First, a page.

It is not the first album by Daniel Bennett Group and beg the Universe it won’t be the last. Their first album dates back to A Nation of Bears in 2004 and Sinking Houseboat Confusion marks their seventh.
The group is made up of Daniel Bennett on alto saxophone, flute, clarinet and piano; Nat Janoff on electric guitar; Matthew Feick on drums along with some special guests like Eddy Khaimovich on electric bass.
All of the compositions were written by Daniel Bennett and they are—each and every one—amazing.
The album is introduced by John Lizard Comes Home. The opening measures catch you. The strong melodic hook along with the beach backbeat is outrageous fun. Bennett plays the alto sax and Nat Janoff rocks the Dick Dale-esque guitar.
Now, it is indeed great fun but you are also hearing some of the most intelligent and creative stuff you can imagine. So, keep the grin on your face as you listen but also keep your ears and (more importantly) your mind open.
Andrew Variations is a sweet number with Bennett alternating between (and overdubbing) alto sax and flute. The cool bass and drums groove pave the way for exquisite alto sax and flute. Eddy Khaimovich knocks down the heavy bass lines and Janoff works a cool rhythm guitar which morphs into an effects-laden lead. Meantime, Matthew Feick carries out a cool bamboo-sounding percussion. Sweet stuff.
Bobby Brick Sent Me sounds like the messenger came from a bad basketball player or some mobster. Probably the latter. The drums are a bit menacing and the alto sax sounds like a talkative wiseguy. This was thoroughly enjoyable.
Sinking Houseboat Confusion is a grabber from the start. The chord changes were excellent and unexpected. The alto sax and flute were again in complementary duet. Janoff’s strumming was rockfish and Khaimovich and Fieck rolled a smoking groove. This one could have gone on for 30 minutes and I would have been happy.
This was followed by Paint the Fence with its Eastern guitar licks inaugurating the piece. The flute and rhythm section join in together. Go ahead and admit that you hear the Moody Blues here and then forget you ever thought it. The lines are jazzier, the guitar more esoteric, and the bass is more Jaco Pastorius than John Lodge. Bennett’s flute intonations are gorgeous. What a sweet song.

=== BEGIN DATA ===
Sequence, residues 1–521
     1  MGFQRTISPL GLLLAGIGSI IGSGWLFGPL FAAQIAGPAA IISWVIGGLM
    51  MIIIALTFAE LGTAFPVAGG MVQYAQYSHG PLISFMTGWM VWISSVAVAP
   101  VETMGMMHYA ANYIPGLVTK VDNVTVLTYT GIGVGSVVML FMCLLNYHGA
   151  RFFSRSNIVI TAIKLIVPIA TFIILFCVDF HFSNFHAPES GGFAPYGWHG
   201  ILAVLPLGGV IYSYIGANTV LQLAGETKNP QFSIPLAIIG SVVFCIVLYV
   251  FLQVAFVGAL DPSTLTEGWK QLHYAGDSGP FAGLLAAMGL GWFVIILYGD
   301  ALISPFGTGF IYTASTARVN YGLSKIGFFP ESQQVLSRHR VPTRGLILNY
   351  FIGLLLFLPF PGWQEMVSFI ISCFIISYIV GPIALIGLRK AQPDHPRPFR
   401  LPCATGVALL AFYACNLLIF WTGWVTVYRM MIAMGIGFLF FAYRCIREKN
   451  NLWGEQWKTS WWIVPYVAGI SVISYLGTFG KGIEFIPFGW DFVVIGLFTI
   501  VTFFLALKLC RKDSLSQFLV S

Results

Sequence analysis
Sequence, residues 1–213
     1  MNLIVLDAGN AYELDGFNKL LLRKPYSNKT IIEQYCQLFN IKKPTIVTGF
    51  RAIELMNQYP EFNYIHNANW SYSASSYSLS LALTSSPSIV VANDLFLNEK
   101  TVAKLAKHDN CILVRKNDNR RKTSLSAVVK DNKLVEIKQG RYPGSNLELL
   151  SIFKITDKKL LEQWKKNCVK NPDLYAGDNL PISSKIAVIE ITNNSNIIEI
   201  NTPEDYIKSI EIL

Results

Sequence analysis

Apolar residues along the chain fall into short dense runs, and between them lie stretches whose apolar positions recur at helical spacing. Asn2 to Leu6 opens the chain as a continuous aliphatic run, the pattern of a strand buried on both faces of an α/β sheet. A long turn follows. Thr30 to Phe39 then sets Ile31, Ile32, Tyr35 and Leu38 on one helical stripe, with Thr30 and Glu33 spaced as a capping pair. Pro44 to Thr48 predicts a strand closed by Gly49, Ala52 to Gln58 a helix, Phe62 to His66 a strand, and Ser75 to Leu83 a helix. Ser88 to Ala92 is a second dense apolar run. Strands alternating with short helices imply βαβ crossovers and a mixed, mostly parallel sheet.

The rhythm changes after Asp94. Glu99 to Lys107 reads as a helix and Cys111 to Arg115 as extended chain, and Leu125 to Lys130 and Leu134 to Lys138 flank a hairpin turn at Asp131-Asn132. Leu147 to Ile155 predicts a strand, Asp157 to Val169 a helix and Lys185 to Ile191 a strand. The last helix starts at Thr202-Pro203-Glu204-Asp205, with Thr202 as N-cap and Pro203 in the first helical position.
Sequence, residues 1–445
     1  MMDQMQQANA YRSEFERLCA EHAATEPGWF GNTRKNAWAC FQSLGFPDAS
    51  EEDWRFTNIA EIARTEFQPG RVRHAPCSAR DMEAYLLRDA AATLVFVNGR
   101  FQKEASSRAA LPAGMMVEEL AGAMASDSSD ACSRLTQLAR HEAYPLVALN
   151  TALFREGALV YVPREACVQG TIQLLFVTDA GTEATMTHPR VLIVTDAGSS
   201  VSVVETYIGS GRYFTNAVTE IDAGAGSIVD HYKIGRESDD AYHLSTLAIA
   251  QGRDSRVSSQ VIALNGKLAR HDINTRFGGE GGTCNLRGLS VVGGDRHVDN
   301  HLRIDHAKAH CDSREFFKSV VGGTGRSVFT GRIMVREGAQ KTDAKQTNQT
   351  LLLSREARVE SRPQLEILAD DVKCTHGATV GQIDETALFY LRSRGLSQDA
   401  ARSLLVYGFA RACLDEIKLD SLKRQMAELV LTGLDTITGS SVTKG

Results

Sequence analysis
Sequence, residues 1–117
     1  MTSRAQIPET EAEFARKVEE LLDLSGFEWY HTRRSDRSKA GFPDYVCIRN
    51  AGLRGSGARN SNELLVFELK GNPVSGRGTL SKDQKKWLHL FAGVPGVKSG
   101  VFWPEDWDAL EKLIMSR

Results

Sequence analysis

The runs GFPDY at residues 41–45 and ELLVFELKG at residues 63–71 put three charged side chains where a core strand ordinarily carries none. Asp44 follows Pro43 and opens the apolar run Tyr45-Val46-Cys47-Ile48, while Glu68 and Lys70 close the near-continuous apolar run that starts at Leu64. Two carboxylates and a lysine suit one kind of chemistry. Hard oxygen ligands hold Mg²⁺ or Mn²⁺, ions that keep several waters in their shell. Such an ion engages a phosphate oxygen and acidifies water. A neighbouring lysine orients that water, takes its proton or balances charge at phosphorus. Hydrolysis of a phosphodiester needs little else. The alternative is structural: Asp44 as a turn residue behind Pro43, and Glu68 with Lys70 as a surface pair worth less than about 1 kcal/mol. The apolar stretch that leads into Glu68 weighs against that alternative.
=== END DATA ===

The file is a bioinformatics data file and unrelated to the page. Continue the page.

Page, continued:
Doctor Duck Builds a Patio has Bennett back on the alto sax. Good God, this guy can create an image and an emotion with the very best. The ripping guitar of Janoff is a great add and Khaimovich’s bass is extraordinary. All the while, Bennett keeps your attention rapt in his incredible explorations on the alto. Feick works in some cool fills and rolls, as well.
We are OK! sounds like the signal from a distressed spacecraft. The Bennett alto sax and piano sound adrift while bass and drums reveal the propulsion coming and going. A hard-driving piece, the Janoff guitar strives to find direction amidst the confusion. A blistering foray into expressions of misdirection this.
Little Disappointments in Modern Life is an original poem by Michele Herman who narrates the poem to Bennett’s alto saxophone accompaniment. Bennett’s alto sax opens the piece and does so beautifully. The delivery is versatile and continues into the narration. The poem is about a woman’s disappointments with a man who didn’t press or pound or impress her, with this or that key, only to discover… You find out. The track closes with a detailed and entrancing run of the alto.
The penultimate track is Animals Discussing Life Changes. Bennett picks up the clarinet for the first and only time on this number. Playing tightly with the whole group, the guitar scratches, pulsating bass and straight-up drums, the clarinet is a warm expression of the melody. It is cheerful and lively with the discussion passed between clarinet and guitar. Fantastically frivolous.
Sinking Houseboat Confusion – Acoustic Reprise is gorgeously rendered by Bennett’s alto saxophone and special guest Mark Cocheo on acoustic guitar. It is lovely, enchanting, captivating. It serves as a rich close to an album full of riches. It is emotional and delightful. That same melodic hook reappears and brings back the same smile.
Sinking Houseboat Confusion is too creative, too fun, too innovative to ignore. With their razor-sharp and laser-focused artistry and intelligence, Daniel Bennett Group has crafted a light-handed and heavy-minded narrative that speaks to each of us precisely in the place we reside. In mischievousness or madness, joyfulness or jadedness, loss or love, Daniel Bennett Group finds you…and whispers wisdom to you.
~Travis Rogers, Jr. is The Jazz Owl